January 27, 2012: The symbiotic variable RT Cru has brightened in hard x-rays. Dr. Jeno Sokoloski , Columbia University, has requested AAVSO assistance in monitoring RT Cru both now and in the future to see if it is doing anything unusual in the optical. The Swift/BAT hard X-ray light curve shows RT Cru has apparently been gradually brightening over the past few years.
Dr. Sokoloski writes: "The hard X-ray emission from RT Cru suggests that the accreting white dwarf is close to the Chandrasekhar limit (e.g., Luna and Sokoloski 2007 , "The Nature of the Hard X-Ray-Emitting Symbiotic Star RT Cru") and that it is therefore a candidate supernova Type-Ia progenitor. Also, since it is a massive white dwarf accreting at a reasonably high rate, it is similar to T CrB - so why isn't it a recurrent nova??
"Fast photometry (to look for CV-like flickering from the accretion disk) and optical spectroscopy would also be very interesting and could potentially help us interpret the current hard X-ray brightening."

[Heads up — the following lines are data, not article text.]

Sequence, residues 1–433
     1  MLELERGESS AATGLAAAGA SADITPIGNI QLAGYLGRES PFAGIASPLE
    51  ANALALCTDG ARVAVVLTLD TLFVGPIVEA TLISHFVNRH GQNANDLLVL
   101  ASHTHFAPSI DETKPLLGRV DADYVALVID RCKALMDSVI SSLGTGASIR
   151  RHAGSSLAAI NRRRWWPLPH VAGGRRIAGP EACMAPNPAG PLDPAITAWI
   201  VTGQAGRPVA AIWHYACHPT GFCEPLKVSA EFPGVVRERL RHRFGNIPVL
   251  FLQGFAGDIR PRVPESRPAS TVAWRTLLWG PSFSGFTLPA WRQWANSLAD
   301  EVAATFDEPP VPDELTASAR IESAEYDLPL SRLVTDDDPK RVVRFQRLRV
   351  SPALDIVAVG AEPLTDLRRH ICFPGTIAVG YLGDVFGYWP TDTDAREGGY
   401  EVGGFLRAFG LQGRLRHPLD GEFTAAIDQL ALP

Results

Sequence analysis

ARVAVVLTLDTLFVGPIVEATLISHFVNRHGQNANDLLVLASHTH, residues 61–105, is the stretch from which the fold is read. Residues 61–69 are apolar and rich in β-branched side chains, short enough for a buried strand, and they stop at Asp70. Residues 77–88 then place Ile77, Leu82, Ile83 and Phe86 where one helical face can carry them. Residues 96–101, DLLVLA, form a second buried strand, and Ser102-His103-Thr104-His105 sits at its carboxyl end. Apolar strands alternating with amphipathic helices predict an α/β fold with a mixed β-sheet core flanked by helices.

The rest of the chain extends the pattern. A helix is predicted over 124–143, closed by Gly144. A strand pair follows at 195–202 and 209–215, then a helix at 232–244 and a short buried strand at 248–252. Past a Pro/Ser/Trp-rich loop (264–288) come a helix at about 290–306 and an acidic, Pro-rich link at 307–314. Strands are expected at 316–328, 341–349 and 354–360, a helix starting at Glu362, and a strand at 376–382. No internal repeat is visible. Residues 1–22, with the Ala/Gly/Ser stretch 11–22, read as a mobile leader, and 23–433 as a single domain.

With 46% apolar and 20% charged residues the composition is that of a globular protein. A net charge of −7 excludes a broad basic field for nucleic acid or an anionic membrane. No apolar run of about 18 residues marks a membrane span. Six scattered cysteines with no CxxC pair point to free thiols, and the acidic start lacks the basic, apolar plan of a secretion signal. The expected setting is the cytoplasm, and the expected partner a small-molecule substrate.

Dr. Sokoloski requests time series photometry now for a few days, and then weekly or monthly observations for the forseeable future. Visual observations are also welcome. At magnitude B=10.7 and R=11.100 it is too faint for BVRI photoelectric photometry, but at magnitude J=6.646 and H=5.583 it may be a suitable target for near-IR photometrists.
Coordinates: R.A. 12 34 53.74 Dec. -64 33 56.0 (2000.0)
Finder charts may be made using VSP (http://www.aavso.org/vsp ).
Please report your observations to the AAVSO International Database using the name "RT CRU".
This AAVSO Alert Notice was compiled by Elizabeth O. Waagen.
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